Faroudja DILA1080pHD and DVP1080 D-ILA Video Projector and HD Digital Video Processor Testing
On multiburst patterns from my AccuPel HDG-3000 HD test pattern generator, in either component or DVI, the 480i luminance response extended out to the highest frequency burst: 6.75MHz. At 720p, luminance appeared to be down slightly in the maximum 37.1MHz multiburst, but the lines in the burst pattern were still visible. And at 1080i (in High Bandwidth mode) the lines in the 37.1MHz multiburst were clearly resolved. A similar result was obtained from component. And in all cases the color bandwidth, while it began rolling off markedly at about half the luminance bandwidth, was more than wide enough for consumer source material.
I won't bore you here with a discussion of the quality of the de-interlacing in the DVP1080. It's a Faroudja, so you know you'll have to look hard and deep before you see any artifacts, and then you're probably imagining them. The processor will accept a 480i DVI input, so you can make full use of the Faroudja's capabilities with a DVD source, provided the DVD player is one of the few that will provide 480i through its digital video output.
Viewing the clean horizontal and vertical lines generated by the AccuPel's for its Sharpness pattern, 1080i showed no sign of enhancement or ringing. There was a trace of ringing visible in 720p, however, and a bit more in 480i, even with the Detail control turned down to zero.
With about 200 hours on the projector, I measured a peak contrast of 1905:1 (20.95 foot-Lamberts peak white on a 100% full-screen white field, 0.011fL video black) on my 78-inch-wide Stewart Studiotek 130 screen. The contrast was virtually the same on the Screen Research screen, but the peak white and black levels dropped to 13.07fL and 0.007fL, respectively (with an 80-inch wide image). But the Faroudja's pseudo ANSI contrast (measured on the first sample of the projector) was a low 73:1. ANSI (checkerboard) contrast is notoriously difficult to measure accurately, so I can only offer a comparison. Measured at the same time, under the same conditions on the Screen Research screen, a Yamaha DPX-1200 measured 2260:1 peak and 259 pseudo ANSI. Nevertheless, while the Yamaha's deep blacks and shadow detail were visibly superior to the Faroudja's, the difference was far more subtle than the pseudo ANSI numbers might suggest. (These "ANSI" measurements were made on 8 of the 16 squares in the checkerboard test pattern—the middle two columns—thus my use of the term pseudo ANSI.)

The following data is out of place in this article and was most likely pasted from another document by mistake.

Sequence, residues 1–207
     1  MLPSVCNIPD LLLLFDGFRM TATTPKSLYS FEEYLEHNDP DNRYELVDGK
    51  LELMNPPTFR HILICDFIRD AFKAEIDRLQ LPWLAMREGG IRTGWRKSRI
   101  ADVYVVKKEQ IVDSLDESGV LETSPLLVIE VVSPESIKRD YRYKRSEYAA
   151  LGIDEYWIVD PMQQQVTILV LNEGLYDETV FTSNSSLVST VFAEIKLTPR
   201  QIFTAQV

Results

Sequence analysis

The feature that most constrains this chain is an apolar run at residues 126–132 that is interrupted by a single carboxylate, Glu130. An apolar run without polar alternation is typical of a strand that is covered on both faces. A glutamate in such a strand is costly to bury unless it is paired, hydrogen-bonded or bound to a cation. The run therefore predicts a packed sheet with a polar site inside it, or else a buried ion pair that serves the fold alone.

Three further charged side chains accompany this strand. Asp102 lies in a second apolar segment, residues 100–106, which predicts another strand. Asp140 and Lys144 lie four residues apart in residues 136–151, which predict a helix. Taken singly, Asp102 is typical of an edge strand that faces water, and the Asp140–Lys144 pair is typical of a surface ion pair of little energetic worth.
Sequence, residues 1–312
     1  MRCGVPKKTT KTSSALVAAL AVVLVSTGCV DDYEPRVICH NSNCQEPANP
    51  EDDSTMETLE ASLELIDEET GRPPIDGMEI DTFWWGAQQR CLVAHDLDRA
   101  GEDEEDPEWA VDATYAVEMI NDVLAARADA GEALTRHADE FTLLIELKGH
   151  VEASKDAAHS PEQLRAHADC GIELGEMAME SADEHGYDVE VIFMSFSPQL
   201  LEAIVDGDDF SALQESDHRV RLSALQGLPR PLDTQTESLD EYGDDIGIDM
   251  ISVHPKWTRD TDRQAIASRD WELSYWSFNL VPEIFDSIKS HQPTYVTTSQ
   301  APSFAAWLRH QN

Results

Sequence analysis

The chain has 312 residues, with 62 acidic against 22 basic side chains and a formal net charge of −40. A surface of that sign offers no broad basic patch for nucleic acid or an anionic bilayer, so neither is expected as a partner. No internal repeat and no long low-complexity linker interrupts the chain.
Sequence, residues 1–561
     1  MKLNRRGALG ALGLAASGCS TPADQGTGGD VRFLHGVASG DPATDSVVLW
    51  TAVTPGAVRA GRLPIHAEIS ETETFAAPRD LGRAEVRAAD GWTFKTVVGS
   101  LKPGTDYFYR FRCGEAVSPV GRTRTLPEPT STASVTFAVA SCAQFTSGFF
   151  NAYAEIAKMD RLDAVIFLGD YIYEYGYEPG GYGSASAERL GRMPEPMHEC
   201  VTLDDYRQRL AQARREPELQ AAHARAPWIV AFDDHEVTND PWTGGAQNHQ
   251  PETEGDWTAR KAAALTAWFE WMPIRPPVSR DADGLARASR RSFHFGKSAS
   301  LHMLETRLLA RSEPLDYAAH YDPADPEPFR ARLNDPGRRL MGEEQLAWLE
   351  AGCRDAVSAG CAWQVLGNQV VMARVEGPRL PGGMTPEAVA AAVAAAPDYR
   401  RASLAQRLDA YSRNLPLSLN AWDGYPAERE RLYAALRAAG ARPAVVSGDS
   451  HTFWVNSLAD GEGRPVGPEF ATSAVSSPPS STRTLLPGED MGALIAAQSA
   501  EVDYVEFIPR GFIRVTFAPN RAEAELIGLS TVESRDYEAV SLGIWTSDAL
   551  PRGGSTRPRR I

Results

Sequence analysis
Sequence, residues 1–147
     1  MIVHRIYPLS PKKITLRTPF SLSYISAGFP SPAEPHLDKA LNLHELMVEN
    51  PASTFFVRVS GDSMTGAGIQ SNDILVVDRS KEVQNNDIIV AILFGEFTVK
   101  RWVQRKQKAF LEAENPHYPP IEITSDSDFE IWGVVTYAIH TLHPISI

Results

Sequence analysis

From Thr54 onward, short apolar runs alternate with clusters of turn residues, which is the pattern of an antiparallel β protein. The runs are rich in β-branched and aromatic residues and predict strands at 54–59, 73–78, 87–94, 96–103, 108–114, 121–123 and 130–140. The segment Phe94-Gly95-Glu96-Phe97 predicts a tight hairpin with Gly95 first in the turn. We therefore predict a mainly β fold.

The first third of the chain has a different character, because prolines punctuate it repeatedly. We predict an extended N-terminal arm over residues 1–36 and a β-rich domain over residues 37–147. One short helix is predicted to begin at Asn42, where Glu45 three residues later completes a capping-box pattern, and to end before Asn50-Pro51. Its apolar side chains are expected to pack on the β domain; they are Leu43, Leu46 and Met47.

The color points were no more accurate than we have measured on other digital projectors: red was good, green far deeper into green than either the NTSC or high definition standard, and blue also richer than either standard. While a wider color gamut than the standard calls for might appear to be desirable, in fact all sources were (or should have been) produced to the standard so should be played back that way. (Most sources—even HD—are still produced in reference to NTSC standard phosphor colors.) But apart from too vibrant greens (endemic nearly across the board to digital displays) the colors on the screen looked pleasing and natural.
The color temperature measurements are shown in the chart. Since the projector had been pre-calibrated, I measured and reviewed it as it came out of the box; there are no "before" readings. The numbers here are good. The color temperature is just a trace blue, and the x,y coordinates—not shown—were a little minus green (closer to x=0.311, y=0.323 than the D65 point of x=0.313, y=0.329) as measured on our Photo Research PR-650 spectroradiometer.